Silence of the lambs in Leinster House
Published 13/04/2015 | 02:30
The debate on the same-sex marriage referendum has seen vast swathes of the public telling pollsters that they favour a 'Yes' vote, while at the same time displaying an extraordinary reluctance to engage on the issue in any way. This, in turn, has allowed a small but vocal group to monopolise the campaign for a 'Yes' vote.
The most extraordinary example of this was the Dáil debate on the bill to call the referendum itself. Incredibly, despite the enormous significance of the proposed referendum, just 28 of our 166 TDs spoke in the debate - including just nine of Fine Gael's 49 backbench TDs.
The vast majority of the largest party in the Dáil - and of the Dáil itself - maintained a stony silence as the bill was passed without a vote, let alone any kind of meaningful legislative scrutiny.
Love them or loathe them, our TDs are certainly well aware of public opinion on any given issue. If a particular cause is popular in their constituencies, they generally clamour over each other to be associated with it.
So how should we interpret the fact that so few of them wanted to speak on the issue of same-sex marriage, let alone publicly support it?
Actions may speak louder than words, but the silence of a vast swathe of political and public opinion must surely be a cause of extreme concern to the 'Yes' campaign.
Harold's Cross, Dublin 6
The equation of equality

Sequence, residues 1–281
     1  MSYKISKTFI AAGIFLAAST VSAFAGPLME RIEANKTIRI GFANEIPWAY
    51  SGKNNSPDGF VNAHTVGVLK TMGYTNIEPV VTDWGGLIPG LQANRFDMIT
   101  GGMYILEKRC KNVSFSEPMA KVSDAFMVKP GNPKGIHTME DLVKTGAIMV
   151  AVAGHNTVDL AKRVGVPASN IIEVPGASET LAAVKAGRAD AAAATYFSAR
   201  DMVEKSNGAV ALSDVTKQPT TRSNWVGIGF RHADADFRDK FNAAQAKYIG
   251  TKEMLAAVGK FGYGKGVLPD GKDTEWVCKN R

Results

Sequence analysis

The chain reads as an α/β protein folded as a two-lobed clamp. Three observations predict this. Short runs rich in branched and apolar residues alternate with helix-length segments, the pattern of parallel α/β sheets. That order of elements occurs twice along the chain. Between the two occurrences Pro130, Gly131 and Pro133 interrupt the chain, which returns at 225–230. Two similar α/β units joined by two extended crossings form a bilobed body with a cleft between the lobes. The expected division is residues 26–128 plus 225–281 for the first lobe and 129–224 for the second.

In response to the letter by Niall Ó Murchadha ('How can one vote for an equality where none is possible?', April 11) I have a few points to raise.
First, Niall, I'm delighted to put an end to your plight and indeed struggle. While I don't know a single person of my acquaintance who would take issue with the your use of the word 'straight', I am delighted to inform that an alternative exists. I think you'll find the word 'heterosexual' will perfectly describe your orientation.
Second, I am delighted to assist you with your complex mathematical problem. I would like to preface this with a reassurance that many people struggle greatly with turning real world word problems into algebraic terms, but I hope to help. Your query addresses how can a+b = a+a in the context of equality. As with any mathematical problem we much first seek to define our terms.
At first glance we could say 'a' is a woman and 'b' a man. However, we must not forget that rascal that is 'context.' The importance of context is clear with simple problems - eg fruit cannot be viewed in the same way as people (an equation calling for dividing of people into halves could be problematic!)
So, what is the context? Equality. So let's apply this to our equation and we can see that 'a' cannot be a woman, as that discriminates on grounds of gender. Perhaps 'a' is a lesbian. But then we're talking about sexual orientation.
You have inadvertently written the perfect equation for equality but, for some reason, you fail to define your terms and in turn your solution.
a=b=1 human being.
This is what the referendum is about.
You cite some reasons why you feel discriminated against, so I'll briefly address them. If you have a group you are part of that is interested in marching, please feel free to apply to the relevant committee. If you are rejected for simply being heterosexual, please contact me and I will personally assist you in righting this wrong.